One important and characteristic feature of the invention that appears to be largely responsible for producing fine-grained, fully recrystallized structure in the finished strip, is the use of large-diameter rolls 10 and 12. In the embodiment shown and described herein, the rolls 10, 12 are 36 inches in diameter, where the Hunter caster has always been made with 24-inch diameter rolls. At first glance, the difference between 24-inch diameter rolls and 36-inch diameter rolls might seem to be almost without significance, yet the fact is that the larger diameter rolls of the present invention produce a dramatic and totally unexpected improvement in the grain structure of the finished product, in addition to providing a casting machine having the structural strength to stand up under the stresses that are produced.
It is a fact well known to designers of hot rolling mills, that small diameter rolls require less force than rolls of larger diameter to effect a given reduction. Small rolls lessen the separating force for two reasons: (1) the area of contact is less, so that, with a given pressure, the total force required is less; and (2) the pressure builds up to a lower peak because of the shorter distances through which friction acts. These principles influenced the design of the Hunter casting machine, which used the smallest diameter rolls consistent with the strength and rigidly needed, as the small-diameter rolls enabled the machine to operate with a lower power requirement. On the other hand, the larger diameter rolls of the present invention exert a considerably greater pressure on the metal, and use more power for a given reduction, as compared with the 24-inch diameter rolls of the Hunter caster. The additional power that goes into hot rolling is what causes the greatly increased internal stress within the metal that fractures and crushes the dendrite crystals and sets up the extremely large number of recrystallization centers. Thus, the large-diameter casting rolls constitutes the means by which a relatively large amount of power is expended in hot rolling the metal to effect a reduction of the order of 37 to 50%, so as to produce the high-level internal stressing necessary for complete recrystallization of the metal. At the same time, the increased diameter of the rolls gives them greater strength and rigidity to resist bending under the increased roll-separating force.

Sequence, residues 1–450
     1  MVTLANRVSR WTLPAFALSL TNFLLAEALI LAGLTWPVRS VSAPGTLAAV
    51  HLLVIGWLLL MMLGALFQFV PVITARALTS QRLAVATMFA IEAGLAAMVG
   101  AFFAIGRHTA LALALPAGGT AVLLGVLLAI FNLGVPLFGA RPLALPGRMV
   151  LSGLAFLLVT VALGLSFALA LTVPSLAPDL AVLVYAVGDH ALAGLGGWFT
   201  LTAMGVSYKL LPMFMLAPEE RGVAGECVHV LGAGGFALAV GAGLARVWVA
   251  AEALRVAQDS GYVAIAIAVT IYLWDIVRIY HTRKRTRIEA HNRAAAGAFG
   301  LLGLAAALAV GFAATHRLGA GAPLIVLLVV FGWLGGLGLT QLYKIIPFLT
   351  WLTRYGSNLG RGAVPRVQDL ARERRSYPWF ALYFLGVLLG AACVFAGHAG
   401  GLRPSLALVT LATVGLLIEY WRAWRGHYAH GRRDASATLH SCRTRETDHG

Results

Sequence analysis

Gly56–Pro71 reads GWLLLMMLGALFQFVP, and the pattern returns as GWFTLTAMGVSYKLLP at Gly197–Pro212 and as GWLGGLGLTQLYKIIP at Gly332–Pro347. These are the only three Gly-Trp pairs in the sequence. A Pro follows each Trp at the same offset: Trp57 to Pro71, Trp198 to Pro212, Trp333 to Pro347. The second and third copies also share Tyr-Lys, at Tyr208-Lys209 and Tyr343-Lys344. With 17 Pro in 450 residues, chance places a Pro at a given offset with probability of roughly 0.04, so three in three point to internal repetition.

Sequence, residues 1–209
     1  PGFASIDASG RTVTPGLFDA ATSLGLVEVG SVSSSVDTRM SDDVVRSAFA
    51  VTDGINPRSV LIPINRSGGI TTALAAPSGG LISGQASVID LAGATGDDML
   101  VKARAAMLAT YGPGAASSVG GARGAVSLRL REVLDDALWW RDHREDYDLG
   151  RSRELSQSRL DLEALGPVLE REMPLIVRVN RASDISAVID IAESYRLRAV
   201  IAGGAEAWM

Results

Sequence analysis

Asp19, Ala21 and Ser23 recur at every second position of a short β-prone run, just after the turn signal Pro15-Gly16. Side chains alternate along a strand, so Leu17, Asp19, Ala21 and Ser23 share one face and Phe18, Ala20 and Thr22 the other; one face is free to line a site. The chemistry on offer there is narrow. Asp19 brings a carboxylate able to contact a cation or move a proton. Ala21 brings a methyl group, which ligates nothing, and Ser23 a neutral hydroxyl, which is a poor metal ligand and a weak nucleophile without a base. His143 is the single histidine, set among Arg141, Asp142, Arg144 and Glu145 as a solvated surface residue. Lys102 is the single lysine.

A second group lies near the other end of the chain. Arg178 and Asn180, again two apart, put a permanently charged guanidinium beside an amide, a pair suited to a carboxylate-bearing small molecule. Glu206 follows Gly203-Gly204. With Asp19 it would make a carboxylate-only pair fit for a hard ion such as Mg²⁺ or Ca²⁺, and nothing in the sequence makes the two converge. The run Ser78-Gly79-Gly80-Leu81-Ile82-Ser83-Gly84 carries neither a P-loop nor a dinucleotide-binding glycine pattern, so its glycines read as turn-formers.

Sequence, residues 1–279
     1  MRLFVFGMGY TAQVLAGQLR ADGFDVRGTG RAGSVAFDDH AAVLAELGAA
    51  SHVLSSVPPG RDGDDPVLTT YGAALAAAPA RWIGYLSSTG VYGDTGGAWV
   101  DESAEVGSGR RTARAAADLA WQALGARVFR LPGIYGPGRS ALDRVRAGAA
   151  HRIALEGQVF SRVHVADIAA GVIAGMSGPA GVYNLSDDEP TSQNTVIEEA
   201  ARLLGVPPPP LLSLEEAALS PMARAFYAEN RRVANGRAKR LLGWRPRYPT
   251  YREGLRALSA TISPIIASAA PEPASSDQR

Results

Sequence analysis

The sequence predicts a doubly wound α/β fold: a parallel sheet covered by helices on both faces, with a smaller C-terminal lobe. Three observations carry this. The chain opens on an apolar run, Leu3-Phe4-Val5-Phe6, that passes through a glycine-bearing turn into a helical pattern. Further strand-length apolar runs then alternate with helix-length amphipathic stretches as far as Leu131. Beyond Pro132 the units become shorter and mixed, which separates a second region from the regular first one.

As stated earlier, the tip set-back L1 on the machine shown and described herein is preferably about 2.50-inches. This distance has been experimentally increased to 3.00-inches or more, with the same 0.250-inch dimension for T1, which increased the ratio L1 /T.sub. 1 to 12. However, when L1 was increased to 3 inches, it was deemed advisable to increase the rotational speed of the rolls somewhat to avoid excessive roll-spreading force, due to the fact that the freezing point 26 might other-wise move back further from the roll centerline A--A, causing T2 to increase to about 0.438-inch estimated distance. This would result in a hot-roll reduction(T1)/(T2)0 of 57%, which is a fairly heavy reduction, and about the maximum that can be done without going to an excessively heavy and expensive roll construction. By speeding up the rolls to approximately 0.8 rpm, the freezing point 26 was found to be approximately at the same distance from the roll centerline A--A as before (i.e., L2 = approximately 1.5 inches) and T2 = approximately 1.5 T1.
With all other parameters remaining constant, L2 is increased by slowing down the rotational speed of the rolls, and is decreased by speeding up the rolls. The higher the roll speed, the greater the output. However, roll speed should preferably not be increased beyond the point where the metal freezes solidly across from one roll to the other at a point 26 where T2 is appreciably less than 1.5 times T1.
The point 26 where the metal freezes solidly across will also be changed by increasing or decreasing the rate of heat transfer from the molten metal to the rolls, which is a function of the thermal conductivity of the metal forming the roll shell. Thus, rolls having a copper shell would produce extremely fast chilling action, and this would have to be compensated for by driving the rolls at a faster speed, or by reducing the tip set-back L1 so that the tip end 22 is closer to the freezing point 26. In that case, L2 might have a considerably larger value than 0.6 L1.
The above ratios are given to enable one skilled in the art to scale the casting machine up or down so as to produce thicker or thinner strip 24; or to drive the casting rolls 10, 12 at a higher or lower speed; or to otherwise modify the dimensions or other parameters of the machine.
While I have shown and described in considerable detail what I believe to be the preferred form of my invention, it will be understood by those skilled in the art that the invention is not limited to such details, but might take various other forms within the scope of the following claims.
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|Apr 6, 1998||AS||Assignment|
Owner name: FATA HUNTER, INC., CALIFORNIA
Free format text: CHANGE OF NAME;ASSIGNOR:HUNTER ENGINEERING COMPANY, INC.;REEL/FRAME:009146/0142
Effective date: 19950807